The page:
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The right tool for the job
Clark MacCallister

Now is the time of year that many folks are dusting off their pruning tools and starting to trim plants in anticipation of the upcoming spring. When pruning, it is important to make sure you are using the correct tool for the job. Certain tools are designed for different cuts.

When purchasing new tools, it usually pays off to spend a little bit more on the quality brands, such Corona, Felco and Bahco. These brands make their tools from high-quality metals and have replacement parts available. They are used by professionals for good reason. Cheap pruning tools will dull easily and will break more often. Follow the adage “buy once, cry once.”

If you are afflicted with arthritis or carpel tunnel syndrome, these brands also have many options that are easier on your hands. Hand pruners with a ratcheting action allow you to cut thick branches with much less force.

Here is a list of a few tools you will need in your pruning arsenal:

Hand pruners are suitable for cutting branches up to ½ inch in diameter. Using them for branches any thicker than this will cause you to tear the branch tissue, bind up the pruners and fatigue your hands quickly.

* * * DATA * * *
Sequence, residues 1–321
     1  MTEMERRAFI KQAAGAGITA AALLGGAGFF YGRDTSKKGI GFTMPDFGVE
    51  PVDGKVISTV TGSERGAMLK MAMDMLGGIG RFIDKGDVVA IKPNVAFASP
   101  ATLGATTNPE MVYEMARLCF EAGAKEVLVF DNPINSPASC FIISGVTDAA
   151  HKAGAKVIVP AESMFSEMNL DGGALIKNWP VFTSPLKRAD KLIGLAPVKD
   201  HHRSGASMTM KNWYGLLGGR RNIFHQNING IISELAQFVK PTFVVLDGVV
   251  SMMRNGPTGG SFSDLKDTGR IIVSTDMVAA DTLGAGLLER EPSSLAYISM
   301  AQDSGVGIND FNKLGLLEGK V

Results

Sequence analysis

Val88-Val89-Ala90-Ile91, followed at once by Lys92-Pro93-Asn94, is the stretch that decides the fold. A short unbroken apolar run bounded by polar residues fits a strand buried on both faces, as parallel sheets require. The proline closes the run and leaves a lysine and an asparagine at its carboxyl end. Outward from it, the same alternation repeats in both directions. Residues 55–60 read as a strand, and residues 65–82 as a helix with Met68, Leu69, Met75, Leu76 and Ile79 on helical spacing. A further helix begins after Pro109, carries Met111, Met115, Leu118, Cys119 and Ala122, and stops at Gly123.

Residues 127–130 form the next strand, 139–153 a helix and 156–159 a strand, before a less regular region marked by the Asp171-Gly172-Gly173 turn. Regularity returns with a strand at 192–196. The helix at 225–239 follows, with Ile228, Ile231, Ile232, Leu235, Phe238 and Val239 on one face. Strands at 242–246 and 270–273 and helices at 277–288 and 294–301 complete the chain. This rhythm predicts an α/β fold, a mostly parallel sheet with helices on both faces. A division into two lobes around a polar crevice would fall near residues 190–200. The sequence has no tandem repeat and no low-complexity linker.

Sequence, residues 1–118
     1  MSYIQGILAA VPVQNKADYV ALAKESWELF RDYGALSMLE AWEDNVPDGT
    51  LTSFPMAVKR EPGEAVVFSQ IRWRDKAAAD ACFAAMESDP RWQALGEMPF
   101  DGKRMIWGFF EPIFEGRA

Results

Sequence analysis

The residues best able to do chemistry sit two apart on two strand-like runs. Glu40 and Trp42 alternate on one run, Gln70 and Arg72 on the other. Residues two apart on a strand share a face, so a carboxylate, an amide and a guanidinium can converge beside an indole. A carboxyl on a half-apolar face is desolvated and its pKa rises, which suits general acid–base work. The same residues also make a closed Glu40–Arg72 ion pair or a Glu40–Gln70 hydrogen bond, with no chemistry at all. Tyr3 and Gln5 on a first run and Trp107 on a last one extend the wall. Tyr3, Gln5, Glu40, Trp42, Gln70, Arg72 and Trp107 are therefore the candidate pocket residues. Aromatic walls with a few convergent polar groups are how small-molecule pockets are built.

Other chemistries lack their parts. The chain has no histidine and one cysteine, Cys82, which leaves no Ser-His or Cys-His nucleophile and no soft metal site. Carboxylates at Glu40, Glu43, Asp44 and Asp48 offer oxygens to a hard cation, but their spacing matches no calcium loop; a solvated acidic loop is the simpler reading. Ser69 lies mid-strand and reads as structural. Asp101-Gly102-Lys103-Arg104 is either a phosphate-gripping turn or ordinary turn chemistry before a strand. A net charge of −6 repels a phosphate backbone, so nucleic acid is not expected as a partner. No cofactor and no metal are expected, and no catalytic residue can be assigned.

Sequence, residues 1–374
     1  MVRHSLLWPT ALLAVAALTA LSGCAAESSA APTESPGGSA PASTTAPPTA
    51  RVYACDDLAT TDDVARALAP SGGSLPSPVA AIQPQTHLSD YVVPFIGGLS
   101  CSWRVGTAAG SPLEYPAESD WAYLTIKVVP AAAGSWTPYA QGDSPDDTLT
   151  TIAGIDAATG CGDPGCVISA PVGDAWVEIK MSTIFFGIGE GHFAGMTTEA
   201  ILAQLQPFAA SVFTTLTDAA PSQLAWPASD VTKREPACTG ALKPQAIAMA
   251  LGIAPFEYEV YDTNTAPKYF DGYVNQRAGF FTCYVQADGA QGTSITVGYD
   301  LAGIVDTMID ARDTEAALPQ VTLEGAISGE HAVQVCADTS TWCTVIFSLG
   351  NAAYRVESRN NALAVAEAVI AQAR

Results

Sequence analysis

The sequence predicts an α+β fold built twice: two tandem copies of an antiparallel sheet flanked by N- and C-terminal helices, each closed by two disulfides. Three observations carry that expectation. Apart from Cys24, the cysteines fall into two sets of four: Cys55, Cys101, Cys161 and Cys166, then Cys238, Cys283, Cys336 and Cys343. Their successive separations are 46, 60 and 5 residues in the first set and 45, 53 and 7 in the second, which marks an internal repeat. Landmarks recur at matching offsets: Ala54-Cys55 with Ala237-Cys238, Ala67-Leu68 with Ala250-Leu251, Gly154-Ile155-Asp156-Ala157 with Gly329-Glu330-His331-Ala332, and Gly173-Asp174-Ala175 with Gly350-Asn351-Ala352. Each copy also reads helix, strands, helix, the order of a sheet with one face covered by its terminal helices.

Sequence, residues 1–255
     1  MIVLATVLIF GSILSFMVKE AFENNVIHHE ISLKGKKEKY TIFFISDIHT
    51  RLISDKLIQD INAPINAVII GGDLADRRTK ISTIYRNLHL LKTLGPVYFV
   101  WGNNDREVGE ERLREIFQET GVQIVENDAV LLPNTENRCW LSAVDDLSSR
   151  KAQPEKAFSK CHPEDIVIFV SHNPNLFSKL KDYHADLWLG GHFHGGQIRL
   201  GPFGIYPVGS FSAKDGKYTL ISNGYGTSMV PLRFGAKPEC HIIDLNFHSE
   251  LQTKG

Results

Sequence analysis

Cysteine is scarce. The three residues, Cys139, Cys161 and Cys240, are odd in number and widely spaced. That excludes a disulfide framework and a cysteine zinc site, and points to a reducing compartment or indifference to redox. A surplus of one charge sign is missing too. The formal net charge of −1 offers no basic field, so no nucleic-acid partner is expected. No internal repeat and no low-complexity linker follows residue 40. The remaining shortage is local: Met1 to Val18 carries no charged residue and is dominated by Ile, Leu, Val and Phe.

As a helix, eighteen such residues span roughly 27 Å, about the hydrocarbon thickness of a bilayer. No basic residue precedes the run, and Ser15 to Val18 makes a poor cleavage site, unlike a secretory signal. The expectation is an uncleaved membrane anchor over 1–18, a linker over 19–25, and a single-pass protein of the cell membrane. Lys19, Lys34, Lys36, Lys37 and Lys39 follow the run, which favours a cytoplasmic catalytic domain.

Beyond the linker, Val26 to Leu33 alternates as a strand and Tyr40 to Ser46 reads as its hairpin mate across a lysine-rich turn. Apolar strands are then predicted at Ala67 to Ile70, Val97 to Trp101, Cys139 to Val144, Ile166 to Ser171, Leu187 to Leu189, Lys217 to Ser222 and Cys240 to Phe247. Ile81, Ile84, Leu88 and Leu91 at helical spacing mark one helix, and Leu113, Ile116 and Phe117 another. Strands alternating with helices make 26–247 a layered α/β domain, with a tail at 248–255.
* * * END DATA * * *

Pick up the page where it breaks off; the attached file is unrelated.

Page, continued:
When choosing hand pruners, make sure they don’t open up too wide for your hand. Also make sure they have a safety latch to protect you from the blade during transport.

There are two styles of hand pruners: anvil-type and scissor-type. I highly recommend the scissor-type pruners. These make better cuts and do not tear the wood tissues. The hooked part of the pruners also holds the branch as you prune.

Loppers are pruning tools with long handles, normally operated with two hands. The long handles give you enough leverage to cut branches up to 2 inches. The handles also make it easier to reach higher branches.

When choosing loppers look again for the scissor-style over the anvil-type. Loppers with bumpers between the handles will help absorb some of the shock and cut down on arm fatigue. Some heavy duty loppers even have a ratchet and gears to handle large branches.

Pole pruners are used to cut high up branches. They have a hooked blade for grabbing a branch and a cutting blade below. The blade is operated by pulling downward on a rope. Pole pruners are available in several pole materials, but fiberglass is your best option for toughness and weight reduction.

Always use caution when using pole pruners. Cut branches tend to fall quickly and can hit you. Always wear eye and head protection.

Pruning saws are used to cut branches that are too large for loppers. There are many different styles available, both rigid and folding, and in many different lengths. Many modern saws have teeth that cut on the pull stroke and are easier to use.

Hedging shears are used to thin hedge plants that have thin stems. These are available in manual or power-driven models. They shear of growth in a straight line. Hedge trimmers promote growth in the canopy at the expense of leaves towards the inside of the plant.

Quality pruning tools will give you many years of service and will help ensure you make the best cuts possible. With proper care, they can easily last a lifetime. Proper pruning cuts will go a long way towards reducing insect and rot damage to your landscape plants.